Ciara is honored to be the inaugural Sundance Institute Merata Mita Fellow as well as part of the inaugural class of NATIVe Fellows at the European Film Market. She has also benefited from fellowships with the Sundance Institute and Time Warner Foundation, Firelight Media’s Documentary Lab, the Sundance Institute’s NativeLab, Tribeca All Access, The Princess Grace Foundation, The Native Arts and Cultures Foundation, and the Independent Film Project (IFP). Ciara holds a BA in Psychology from Yale University and has given talks at academic institutions across the U.S. She continues to work on documentary content for broadcast and digital while also expanding her intimate style of filmmaking into the branded content and commercial spaces.
Kimi Howl Lee
Kimi Howl Lee is a biracial writer and director from New York City, and a graduate of Stanford University’s Film and Media Studies program. Kimi began her career as a Story Editor curating short-form content for Snapchat Inc., before transitioning full time to filmmaking. In addition to writing for television, Kimi‘s award winning short films SUGAR and KAMA’ĀINA have travelled the film festival circuit internationally, and have premiered on Nowness, The Future of Film is Female, Short of the Week, and Vimeo Staff Pick, among others. Kimi was a participant in Film Independent’s 2019 Episodic Lab, the 2020 Breaking Through the Lens Directors Fellowship, and Women In Film’s Multi-hyphenate program. She recently sold her first television project, and is currently slated to direct her debut feature, MOUTH, which she also wrote. Kimi currently repped by UTA and Kaplan Perrone.
Valerie Castillo Martinez
Valerie Castillo Martinez was born in the Philippines and moved to the US in 2001. After 9/11, she joined the US Air Force and worked as a system analyst. She completed her MBA, worked in banking, and traveled as a military spouse. In 2013, she decided to pursue her graduate studies in Film at Columbia University and graduated in 2016.
She has written, directed, and produced several projects set in the US and international locations. She started her company IndieFlip, to make films that deal with underrepresented subjects and cross-cultural themes. Her emphasis on innovative storytelling, collaboration, and international co-productions highlighting diversity and inclusion with underlying social themes has led to some of her film’s successes.
Her thesis film “Pria” (2016), set in Indonesia, earned her the Entertainment Partners Best Producer Award and a Caucus Foundation grant. It received awards from the National Board of Review, Director’s Guild of America, and won Best Short at Hawaii International Film Festival, NewFest, Queensworld, and the first Golden Reel Award at Los Angeles Asian Pacific Film Festival. It has played over a hundred film festivals and is available on multiple platforms.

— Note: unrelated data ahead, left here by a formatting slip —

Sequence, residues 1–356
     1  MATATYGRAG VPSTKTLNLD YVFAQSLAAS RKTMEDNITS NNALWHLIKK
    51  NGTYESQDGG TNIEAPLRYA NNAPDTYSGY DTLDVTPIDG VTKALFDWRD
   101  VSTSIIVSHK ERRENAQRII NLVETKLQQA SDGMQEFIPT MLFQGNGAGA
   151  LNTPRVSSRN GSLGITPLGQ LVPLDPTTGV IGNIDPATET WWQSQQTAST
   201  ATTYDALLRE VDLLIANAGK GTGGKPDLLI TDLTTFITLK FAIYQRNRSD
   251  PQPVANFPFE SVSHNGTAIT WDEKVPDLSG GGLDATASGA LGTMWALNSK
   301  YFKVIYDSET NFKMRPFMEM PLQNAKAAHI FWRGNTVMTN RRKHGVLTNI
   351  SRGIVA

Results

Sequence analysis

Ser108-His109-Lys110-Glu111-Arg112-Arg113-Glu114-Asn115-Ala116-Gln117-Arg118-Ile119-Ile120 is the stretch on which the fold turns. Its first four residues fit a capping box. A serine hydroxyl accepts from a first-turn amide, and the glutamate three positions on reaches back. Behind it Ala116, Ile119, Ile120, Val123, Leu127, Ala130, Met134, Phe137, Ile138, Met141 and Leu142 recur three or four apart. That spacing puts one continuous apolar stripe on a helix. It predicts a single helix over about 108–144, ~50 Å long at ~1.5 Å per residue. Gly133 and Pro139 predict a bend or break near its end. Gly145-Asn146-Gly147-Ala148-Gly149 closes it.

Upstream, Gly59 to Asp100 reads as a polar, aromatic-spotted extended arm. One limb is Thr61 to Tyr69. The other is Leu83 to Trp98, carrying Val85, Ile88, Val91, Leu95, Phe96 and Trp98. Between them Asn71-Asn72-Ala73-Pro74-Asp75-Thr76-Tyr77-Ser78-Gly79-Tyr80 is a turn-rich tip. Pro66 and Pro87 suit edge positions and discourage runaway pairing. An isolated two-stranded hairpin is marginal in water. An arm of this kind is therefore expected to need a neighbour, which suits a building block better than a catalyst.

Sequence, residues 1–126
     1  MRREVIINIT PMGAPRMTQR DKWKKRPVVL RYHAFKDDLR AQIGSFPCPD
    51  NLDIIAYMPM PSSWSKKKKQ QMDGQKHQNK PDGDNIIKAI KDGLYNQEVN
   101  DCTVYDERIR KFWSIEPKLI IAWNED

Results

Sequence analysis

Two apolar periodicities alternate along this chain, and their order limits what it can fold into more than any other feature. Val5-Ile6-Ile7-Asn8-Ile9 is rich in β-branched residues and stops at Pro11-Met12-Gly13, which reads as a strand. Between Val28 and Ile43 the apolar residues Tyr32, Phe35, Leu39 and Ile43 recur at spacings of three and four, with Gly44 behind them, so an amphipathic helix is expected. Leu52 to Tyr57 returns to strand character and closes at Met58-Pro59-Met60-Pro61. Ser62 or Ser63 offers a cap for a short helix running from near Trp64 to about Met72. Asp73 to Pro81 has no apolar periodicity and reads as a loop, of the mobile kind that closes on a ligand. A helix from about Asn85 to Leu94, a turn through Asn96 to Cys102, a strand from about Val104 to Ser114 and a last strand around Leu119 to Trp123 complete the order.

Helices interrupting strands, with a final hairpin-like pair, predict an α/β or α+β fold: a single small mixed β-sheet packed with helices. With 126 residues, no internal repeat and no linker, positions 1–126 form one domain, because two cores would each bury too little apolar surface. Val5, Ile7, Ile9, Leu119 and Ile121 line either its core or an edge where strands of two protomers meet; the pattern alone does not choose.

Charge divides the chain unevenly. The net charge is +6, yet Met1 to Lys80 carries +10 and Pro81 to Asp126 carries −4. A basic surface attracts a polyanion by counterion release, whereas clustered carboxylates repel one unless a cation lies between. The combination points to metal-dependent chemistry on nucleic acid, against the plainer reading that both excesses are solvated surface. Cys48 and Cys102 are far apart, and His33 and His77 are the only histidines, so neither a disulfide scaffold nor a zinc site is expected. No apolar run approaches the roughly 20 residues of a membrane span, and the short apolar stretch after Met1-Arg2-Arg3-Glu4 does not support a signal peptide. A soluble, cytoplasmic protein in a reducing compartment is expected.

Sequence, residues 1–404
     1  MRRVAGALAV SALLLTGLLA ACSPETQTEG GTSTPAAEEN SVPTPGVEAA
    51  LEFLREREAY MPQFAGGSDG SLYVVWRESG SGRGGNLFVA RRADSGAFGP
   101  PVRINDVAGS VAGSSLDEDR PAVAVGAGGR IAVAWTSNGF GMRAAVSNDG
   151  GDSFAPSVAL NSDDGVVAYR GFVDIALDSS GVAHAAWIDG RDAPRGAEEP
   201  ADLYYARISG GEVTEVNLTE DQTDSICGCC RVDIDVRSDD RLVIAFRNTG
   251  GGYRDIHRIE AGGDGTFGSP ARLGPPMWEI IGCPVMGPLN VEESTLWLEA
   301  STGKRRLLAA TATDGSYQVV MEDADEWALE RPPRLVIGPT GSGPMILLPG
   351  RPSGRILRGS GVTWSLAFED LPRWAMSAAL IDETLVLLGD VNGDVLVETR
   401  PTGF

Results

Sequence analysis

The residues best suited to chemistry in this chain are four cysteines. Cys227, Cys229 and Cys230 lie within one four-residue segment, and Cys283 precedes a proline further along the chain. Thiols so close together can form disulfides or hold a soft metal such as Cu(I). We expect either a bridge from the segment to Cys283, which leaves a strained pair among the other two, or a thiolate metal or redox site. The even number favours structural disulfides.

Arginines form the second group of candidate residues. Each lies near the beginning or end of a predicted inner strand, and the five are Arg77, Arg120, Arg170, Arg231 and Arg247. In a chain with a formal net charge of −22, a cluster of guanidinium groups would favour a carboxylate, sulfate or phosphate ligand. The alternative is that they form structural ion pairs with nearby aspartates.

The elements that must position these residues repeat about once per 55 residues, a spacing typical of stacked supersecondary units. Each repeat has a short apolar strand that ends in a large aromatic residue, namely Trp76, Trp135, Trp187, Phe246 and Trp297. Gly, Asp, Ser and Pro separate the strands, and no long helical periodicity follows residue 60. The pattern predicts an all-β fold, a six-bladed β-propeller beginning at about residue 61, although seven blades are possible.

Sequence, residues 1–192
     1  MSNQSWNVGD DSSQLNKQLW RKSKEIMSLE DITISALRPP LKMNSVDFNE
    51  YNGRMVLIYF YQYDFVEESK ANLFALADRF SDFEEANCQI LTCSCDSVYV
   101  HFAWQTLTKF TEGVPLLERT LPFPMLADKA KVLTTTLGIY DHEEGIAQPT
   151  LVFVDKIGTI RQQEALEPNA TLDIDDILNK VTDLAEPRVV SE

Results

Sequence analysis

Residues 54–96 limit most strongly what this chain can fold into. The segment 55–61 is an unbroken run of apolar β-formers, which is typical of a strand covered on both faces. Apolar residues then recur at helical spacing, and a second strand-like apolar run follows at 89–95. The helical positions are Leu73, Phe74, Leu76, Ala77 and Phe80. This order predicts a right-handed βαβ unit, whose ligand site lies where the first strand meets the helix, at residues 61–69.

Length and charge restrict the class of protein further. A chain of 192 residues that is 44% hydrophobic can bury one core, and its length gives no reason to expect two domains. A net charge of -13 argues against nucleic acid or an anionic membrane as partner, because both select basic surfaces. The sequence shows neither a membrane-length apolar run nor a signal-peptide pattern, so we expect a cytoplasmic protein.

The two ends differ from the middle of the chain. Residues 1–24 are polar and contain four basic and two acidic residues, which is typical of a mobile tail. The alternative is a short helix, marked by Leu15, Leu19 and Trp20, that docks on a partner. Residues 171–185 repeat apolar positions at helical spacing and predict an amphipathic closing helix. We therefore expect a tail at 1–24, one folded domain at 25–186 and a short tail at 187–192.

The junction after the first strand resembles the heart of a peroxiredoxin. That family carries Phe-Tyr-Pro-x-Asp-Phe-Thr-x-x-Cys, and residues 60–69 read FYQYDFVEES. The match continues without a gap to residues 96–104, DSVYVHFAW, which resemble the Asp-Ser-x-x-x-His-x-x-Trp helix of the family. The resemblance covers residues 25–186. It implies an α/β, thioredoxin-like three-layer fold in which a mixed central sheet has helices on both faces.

Her next short, “The President’s Visit” (2017), set in Lebanon, received grants from the Katharina Otto Bernstein Film Fund, Doha Film Institute, and Lebanon’s Ministry of Culture. It premiered at the 2017 Toronto International Film Festival and won the Grand Jury Prize at the
Dubai Film Festival and Nashville Film Festival, also receiving an Oscar-qualification. Her short, “Manila is Full of Men Named Boy” (2018) was selected to world premiere at the Venice Film Festival, as part of the Orizzonti competition. It played in Busan, Singapore, Clermont Ferrand, SXSW, New Orleans, and won best US short at the Palm Springs Film Festival, and Best Short in Dresden Film Festival and CinemaOne Originals.
She completed a fellowship at Film Independent’s Project Involve program where she produced a satirical dark comedy “Great Again” and a stop-motion clay-animated piece “The Mud"e”. She was tapped the next year to co-manage the 2018 Project Involve fellowship, being an executive producer on six shorts that premiered at the 2018 Los Angeles Film Festival. She supervised the first out-of-state PI short “Liberty”, which won Generation Special Jury Prize for Best Short at the 2019 Berlinale, SXSW, Miami, and AFIFest.
Death of Nintendo is her first feature film as writer and producer. The screenplay won Faculty Honors at the Columbia University screenplay competition participated in the 2017 Tribeca Film Institute Network and Film Independent Producers Lab, and is an inaugural TFI Pond5 grantee.